I replied that I had already attended a private meeting with his co-director, Zoe House and the parish council in August. That many of these points were already made and surely now was the time, with residents present, to provide these assurances.

Cue further glaring and, no answers.

Many residents came up to me afterwards to thank me for standing up for them, and to Mr Carter.
The meeting started with a PR video set to music, which struck me as entirely the wrong note. It was the sort of video that would have been more appropriate for investors. Then the Ladram representatives read out a list of accolades awarded to the company.

Management team Steven Harper-Smith and Will Tottle who ran the presentation and fielded questions seemed out of their depth at times and as a new member of staff, Mr Harper-Smith was unaware of the continual retrospective planning applications.

People complained they couldn’t hear. It wasn’t helped by the loud thumping music coming from downstairs, which I asked to be turned down. It wasn’t.

Some of the management team’s points, such as the new £10 fee (increased from £5) for parking on site, which they claimed reduced congestion in the village and was “not a money making scheme” was met with understandable derision. How can this improve traffic and parking in the village?!

They said that their letters to visitors included a line about driving carefully through the village. That this was “a journey” and the start of a positive relationship with the parish council.

A traffic survey carried out in August by a group associated with the parish council found that around 35 per cent of traffic travelling through Otterton is generated by Ladram Bay. Another survey is imminent.

The incredible claim by the management team that traffic hadn’t increased much over the years and that all roads were busier, was met with loud and understandable frustration. The park has expanded massively over the years, with hundreds of pitches – and the traffic has increased with it!

I should add here that on my visits to Otterton I have observed a genuine and real problem with the level of traffic on the road and the absolutely enormous caravans and lodges that make their way through the village and residents tell me, knock walls down, erode banks and damage trees and hedges.

There was acknowledgement of this damage and a promise to repair it. How further damage is prevented is another issue, when the road is simply too narrow for the size of the loads.

Someone asked for a commitment for a maximum number of lodges so the village could have peace of mind on further development. This was supported by clapping.

The management team did not commit to this.

Someone else suggested that the lodges should be brought in by barge instead.

One resident said the number of cars increasing in the village was not related to Ladram Bay. It was due to people having more cars. It was clear that this view was not shared by the vast majority of residents.

Someone else described the traffic situation as “horrendous.”

Then the thorny subject of planning was raised. Ladram Bay is in an Area of Outstanding Natural Beauty and in a coastal preservation zone. The landscape is highly protected under a number of strong policies. Yet planning consent keeps being given for expansion. And many of these planning applications are submitted after the building has taken place.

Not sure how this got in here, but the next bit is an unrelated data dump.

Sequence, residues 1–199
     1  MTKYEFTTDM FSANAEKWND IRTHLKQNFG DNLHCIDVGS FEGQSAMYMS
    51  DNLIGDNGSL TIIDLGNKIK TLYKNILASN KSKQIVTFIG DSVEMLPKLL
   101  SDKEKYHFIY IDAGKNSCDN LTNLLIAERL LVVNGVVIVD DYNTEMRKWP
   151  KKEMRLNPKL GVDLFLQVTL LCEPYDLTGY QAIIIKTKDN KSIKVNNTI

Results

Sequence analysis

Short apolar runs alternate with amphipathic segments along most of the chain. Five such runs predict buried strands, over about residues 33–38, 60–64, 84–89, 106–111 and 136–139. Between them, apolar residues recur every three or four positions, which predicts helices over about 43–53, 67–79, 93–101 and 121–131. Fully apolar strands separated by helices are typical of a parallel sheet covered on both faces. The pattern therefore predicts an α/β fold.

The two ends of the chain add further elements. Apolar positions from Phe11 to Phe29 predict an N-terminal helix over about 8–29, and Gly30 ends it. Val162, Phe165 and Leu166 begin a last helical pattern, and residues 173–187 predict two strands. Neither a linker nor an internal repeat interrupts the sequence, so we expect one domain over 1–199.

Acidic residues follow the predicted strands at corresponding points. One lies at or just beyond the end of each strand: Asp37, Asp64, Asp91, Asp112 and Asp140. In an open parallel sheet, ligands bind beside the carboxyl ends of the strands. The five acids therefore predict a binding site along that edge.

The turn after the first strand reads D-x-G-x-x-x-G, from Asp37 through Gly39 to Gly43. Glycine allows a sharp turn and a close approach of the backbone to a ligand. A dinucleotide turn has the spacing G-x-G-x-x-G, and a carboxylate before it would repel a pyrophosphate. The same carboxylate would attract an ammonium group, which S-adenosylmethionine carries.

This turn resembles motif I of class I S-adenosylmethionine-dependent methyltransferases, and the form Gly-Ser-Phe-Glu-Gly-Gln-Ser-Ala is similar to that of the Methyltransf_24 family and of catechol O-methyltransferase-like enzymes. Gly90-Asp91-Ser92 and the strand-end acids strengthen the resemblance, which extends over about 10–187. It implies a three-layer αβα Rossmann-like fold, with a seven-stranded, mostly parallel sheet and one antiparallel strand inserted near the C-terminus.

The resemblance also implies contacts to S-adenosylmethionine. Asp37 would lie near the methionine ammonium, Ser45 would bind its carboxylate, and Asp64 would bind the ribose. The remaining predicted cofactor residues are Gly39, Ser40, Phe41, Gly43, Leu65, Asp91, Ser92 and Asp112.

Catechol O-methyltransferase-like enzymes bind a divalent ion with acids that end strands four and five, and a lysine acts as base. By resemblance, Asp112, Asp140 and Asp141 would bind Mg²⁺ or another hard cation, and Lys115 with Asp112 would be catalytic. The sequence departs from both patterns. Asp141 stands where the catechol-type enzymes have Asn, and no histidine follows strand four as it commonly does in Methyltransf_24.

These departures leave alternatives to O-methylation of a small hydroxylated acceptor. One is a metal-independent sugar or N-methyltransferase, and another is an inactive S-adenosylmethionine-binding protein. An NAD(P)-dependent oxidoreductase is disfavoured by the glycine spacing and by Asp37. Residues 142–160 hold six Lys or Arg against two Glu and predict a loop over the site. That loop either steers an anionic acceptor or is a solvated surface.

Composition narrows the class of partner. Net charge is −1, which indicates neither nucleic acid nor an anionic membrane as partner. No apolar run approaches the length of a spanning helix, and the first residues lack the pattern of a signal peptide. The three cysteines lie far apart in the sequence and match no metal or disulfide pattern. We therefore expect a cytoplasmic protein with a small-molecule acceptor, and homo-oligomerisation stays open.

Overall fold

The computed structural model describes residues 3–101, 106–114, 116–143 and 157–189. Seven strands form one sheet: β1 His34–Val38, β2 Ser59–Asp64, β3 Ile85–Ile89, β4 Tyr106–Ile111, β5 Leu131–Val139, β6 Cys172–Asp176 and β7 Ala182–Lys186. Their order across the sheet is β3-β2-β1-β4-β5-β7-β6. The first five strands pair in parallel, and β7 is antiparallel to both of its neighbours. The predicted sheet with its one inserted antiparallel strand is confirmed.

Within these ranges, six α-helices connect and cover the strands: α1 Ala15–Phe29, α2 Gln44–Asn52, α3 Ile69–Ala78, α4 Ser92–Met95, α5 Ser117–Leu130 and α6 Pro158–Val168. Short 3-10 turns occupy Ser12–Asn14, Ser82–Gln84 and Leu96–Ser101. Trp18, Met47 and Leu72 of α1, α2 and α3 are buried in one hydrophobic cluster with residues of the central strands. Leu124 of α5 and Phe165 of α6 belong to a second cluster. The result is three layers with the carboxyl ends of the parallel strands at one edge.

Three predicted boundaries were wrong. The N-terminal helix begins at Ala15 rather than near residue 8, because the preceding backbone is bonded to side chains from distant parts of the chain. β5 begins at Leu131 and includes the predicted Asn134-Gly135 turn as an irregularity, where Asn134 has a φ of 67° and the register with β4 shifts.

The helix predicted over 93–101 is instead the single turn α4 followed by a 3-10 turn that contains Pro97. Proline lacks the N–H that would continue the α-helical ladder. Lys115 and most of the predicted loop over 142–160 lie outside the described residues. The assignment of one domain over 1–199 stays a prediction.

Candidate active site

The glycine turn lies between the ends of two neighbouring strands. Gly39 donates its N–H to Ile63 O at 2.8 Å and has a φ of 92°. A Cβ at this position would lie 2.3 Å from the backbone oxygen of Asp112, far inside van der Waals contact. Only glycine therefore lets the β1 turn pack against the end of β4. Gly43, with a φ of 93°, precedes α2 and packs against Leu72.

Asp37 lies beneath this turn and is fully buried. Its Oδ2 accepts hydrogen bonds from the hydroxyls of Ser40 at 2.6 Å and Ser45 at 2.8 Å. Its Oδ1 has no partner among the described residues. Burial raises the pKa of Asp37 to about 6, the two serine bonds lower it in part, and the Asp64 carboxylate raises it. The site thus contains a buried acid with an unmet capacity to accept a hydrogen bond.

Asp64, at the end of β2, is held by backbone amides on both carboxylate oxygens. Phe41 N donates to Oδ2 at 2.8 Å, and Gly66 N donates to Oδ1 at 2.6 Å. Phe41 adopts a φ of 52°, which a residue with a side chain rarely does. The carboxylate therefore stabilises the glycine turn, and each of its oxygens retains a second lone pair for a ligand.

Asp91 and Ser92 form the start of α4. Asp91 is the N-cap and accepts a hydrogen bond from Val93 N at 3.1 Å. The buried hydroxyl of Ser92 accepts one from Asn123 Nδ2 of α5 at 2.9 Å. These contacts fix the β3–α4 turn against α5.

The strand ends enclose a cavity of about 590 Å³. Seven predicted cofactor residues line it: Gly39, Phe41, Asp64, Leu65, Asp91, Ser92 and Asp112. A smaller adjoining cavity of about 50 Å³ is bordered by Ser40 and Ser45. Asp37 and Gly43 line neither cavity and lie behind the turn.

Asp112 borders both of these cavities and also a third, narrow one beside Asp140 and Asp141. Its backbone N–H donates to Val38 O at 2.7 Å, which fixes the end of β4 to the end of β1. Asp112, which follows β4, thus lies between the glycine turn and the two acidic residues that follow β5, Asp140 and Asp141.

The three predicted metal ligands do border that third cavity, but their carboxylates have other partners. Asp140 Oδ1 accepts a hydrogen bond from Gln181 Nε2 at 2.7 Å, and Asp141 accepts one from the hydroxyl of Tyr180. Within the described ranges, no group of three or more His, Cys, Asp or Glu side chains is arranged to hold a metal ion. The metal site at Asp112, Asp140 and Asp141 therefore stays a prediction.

One resident spoke on this in a very informed way about this. He asked why the dog walking area was now a car park and said there was no point in objecting to the planning application as the trees had already been removed. The team were vague on this but the new general manager did say that in future what they did would comply with planning consent.

Parish council chairman, John Fudge told the meeting that the parish council had objected to the application but it was approved by East Devon District Council’s planning committee.

This started a bit of a debate in the room and how people are not notified about planning applications. And why there is one rule for them and another for Ladram Bay.

An attendee asked the Ladram Bay owners to liaise with the village and said that the park should “have the decency to talk to the village” over planning applications and it was no surprise that there was “distrust and a complete lack of confidence” in the business by residents.

A resident of Ladram Road said she had been hit twice by vehicles and there needed to be speed deterrents. The management team agreed.

A resident of Fore Street said that she takes her life in her hands every time she leaves her house and that traffic is travelling too fast.

Someone replied that community speedwatch found few cars travelling over 30mph but that was too fast anyway. That the village needed a 20mph zone.

(This is something I have been investigating and will continue to do so).

John Fudge, parish council chairman spoke at the end of the meeting to thank people for coming. He said the parish council would work with Ladram Bay to improve the situation. He said he believed there was a genuine desire on the part of the caravan park to improve things.

Directors, Robin Carter and Zoe House remained silent throughout the meeting. Until I spoke at the end.

What do I think of Robin Carter’s behaviour? I think it was aggressive and an (unsuccessful) attempt at intimidation. It was totally inappropriate and completely unnecessary. I am a key representative of Otterton people and I am entitled to attend and speak at a public meeting.

A thriving business on the edge of Otterton is a positive thing. Otterton Mill is also a successful local business. Yet I haven’t heard a single complaint about Otterton Mill. All the complaints I have heard have been about the attitude of the senior management team at Ladram Bay, their lack of consideration and the effect that their continual expansion plans have on the village.

I am hoping that this will be the start of a more positive and considerate relationship between residents and Ladram Bay. Local people deserve better.”